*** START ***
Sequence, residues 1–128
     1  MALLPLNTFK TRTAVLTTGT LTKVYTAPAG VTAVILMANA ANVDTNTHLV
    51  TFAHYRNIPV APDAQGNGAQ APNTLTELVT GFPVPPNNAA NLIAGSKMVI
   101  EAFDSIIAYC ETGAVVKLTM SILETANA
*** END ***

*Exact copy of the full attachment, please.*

Sequence, residues 1–128
     1  MALLPLNTFK TRTAVLTTGT LTKVYTAPAG VTAVILMANA ANVDTNTHLV
    51  TFAHYRNIPV APDAQGNGAQ APNTLTELVT GFPVPPNNAA NLIAGSKMVI
   101  EAFDSIIAYC ETGAVVKLTM SILETANA